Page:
West Yorkshire Fire and Rescue Service reports on its innovative method of training instructors and assessing competence.

Decisions about value for money are a daily reality. We are constantly choosing which services to buy, and judging the right balance between quality and cost. West Yorkshire Fire and Rescue Service (WYFRS) have come up with an innovative way of training instructors to become competent in teaching their core subjects and assessing competence of the workforce, which achieves the right balance between economy, efficiency, and effectiveness. 


Why Is It Important?   

Operational competence should have real meaning in the context of the workplace. A person is competent not just because of what they can do but because of how they apply that ability in the work environment, in particular at operational incidents or realistic simulations.

The acquisition of skills and knowledge through training is essential, but individuals should show that they can apply them in realistic situations, eg, at incidents, during fire safety events and other aspects of their role. It is possible to train for competence, but competence is more than training, it is empowering and developmental. Competence is about success in the real world. It is for this reason that workplace assessment is so important.


Assessing Competence in the Workplace 

National Occupational Standards (NOS) are statements of performance individuals are expected to demonstrate to be confirmed as competent when carrying out activities in the workplace. NOS describe what an individual needs to be able to do, as well as what they need to know and understand. They provide a means for fire and rescue services to develop their workforce and to assess their competence in the workplace or in realistic simulation to a national standard. They provide a practical route for assessing competence against nationally agreed standards of performance, across all operational roles.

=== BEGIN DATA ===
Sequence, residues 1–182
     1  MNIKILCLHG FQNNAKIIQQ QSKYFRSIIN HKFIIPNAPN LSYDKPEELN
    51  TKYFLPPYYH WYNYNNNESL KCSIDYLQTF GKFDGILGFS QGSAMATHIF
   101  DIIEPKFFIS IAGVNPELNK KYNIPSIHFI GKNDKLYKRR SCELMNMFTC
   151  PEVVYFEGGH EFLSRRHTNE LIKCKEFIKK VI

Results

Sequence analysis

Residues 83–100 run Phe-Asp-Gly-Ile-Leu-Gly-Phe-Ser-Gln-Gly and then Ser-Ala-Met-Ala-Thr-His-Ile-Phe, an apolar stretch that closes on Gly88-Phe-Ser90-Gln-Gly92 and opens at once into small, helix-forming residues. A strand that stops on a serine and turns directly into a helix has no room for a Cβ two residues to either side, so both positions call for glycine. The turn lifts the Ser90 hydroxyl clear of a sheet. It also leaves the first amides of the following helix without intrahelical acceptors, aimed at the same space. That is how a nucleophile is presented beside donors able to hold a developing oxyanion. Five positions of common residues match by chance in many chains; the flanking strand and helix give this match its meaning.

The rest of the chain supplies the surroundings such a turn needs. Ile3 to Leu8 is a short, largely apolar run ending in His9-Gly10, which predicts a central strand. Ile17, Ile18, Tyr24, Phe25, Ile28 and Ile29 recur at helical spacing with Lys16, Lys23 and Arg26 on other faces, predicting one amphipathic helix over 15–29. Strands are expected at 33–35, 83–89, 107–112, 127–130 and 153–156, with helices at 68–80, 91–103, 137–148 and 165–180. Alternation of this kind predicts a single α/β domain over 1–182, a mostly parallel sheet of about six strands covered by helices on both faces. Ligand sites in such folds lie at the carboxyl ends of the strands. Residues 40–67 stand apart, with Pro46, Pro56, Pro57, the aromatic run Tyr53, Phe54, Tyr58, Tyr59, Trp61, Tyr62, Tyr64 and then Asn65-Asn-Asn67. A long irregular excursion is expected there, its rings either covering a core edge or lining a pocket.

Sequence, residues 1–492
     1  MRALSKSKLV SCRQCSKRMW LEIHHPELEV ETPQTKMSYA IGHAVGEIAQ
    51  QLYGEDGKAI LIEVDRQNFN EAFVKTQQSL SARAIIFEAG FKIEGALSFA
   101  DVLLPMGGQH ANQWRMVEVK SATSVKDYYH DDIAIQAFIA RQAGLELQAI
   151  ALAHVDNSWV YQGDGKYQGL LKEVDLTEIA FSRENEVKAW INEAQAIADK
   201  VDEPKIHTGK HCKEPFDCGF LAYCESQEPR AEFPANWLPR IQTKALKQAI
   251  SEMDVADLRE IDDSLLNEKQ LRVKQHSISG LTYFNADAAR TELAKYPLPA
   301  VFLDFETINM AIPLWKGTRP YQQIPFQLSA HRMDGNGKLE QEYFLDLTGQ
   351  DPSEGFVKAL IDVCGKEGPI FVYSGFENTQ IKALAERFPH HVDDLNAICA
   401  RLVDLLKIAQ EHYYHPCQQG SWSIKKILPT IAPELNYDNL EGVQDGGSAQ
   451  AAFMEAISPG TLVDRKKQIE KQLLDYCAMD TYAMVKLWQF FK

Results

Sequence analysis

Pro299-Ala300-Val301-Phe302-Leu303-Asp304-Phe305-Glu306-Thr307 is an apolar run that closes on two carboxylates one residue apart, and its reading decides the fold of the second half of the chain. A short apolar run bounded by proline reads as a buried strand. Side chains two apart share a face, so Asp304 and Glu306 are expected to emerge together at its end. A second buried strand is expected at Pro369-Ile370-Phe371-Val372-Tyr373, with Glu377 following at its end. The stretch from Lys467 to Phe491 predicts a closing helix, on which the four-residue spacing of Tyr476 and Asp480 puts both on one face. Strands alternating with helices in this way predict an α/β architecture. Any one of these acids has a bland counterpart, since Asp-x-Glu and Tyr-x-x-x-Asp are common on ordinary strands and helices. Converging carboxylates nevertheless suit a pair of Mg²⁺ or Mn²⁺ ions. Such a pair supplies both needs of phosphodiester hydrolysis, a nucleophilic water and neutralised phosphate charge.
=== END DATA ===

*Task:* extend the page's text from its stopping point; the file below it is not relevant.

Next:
For operational competence, NOS ensure a consistent approach to planning, delivering, measuring, and assessing performance.

WYFRS quality assure competence of the workforce using skilled and competent instructors, who receive core operational training eg, Breathing Apparatus, an instructor qualification Preparing to Teach in the Life Long Learning Sector (PTTLS), and finally an Assessor Award qualification. 

Previously, instructors attended a four-day PTTLS course at the training centre delivered by Leeds City College and then achieved their Assessor Award separately delivered by an in-house team. The total time spent on developing instructors for their PTTLS and Assessor Award totalled on average 12 days. 


Outsourced Solution 

A fundamental review of this training provision identified an opportunity to reduce costs in labour, materials and time by combining and outsourcing both qualifications to Leeds City College into a four-day course (two days for PTTLS and two days for the Assessor Award).

The business development team at Leeds City College mapped the content of the latest PTTLS and Assessor Award against WYFRS instructor/assessor roles, and as a result, a combined qualification is awarded in one course.

After attending the four-day course the instructors return to their workplace and Leeds City College staff use two further days to quality assure the instructor's competence in teaching and assessment in a real work environment, eg, on the fireground and in all other areas.  Therefore, reducing the days spent learning from 12 to six.

Area Manager for Service Delivery Steve Rhodes said: "It was not all about cuts; it's what can be achieved in different ways to improve the output for the same input. The challenge was to come up with an innovative way to create efficiencies without reducing quality, and focus on improvement." 

To find out more about the benefits of combining courses see the June issue of FIRE.


Posted July 2nd, 2012 at 0935 by Andrew. Comment by emailing: andrew.lynch@pavpub.com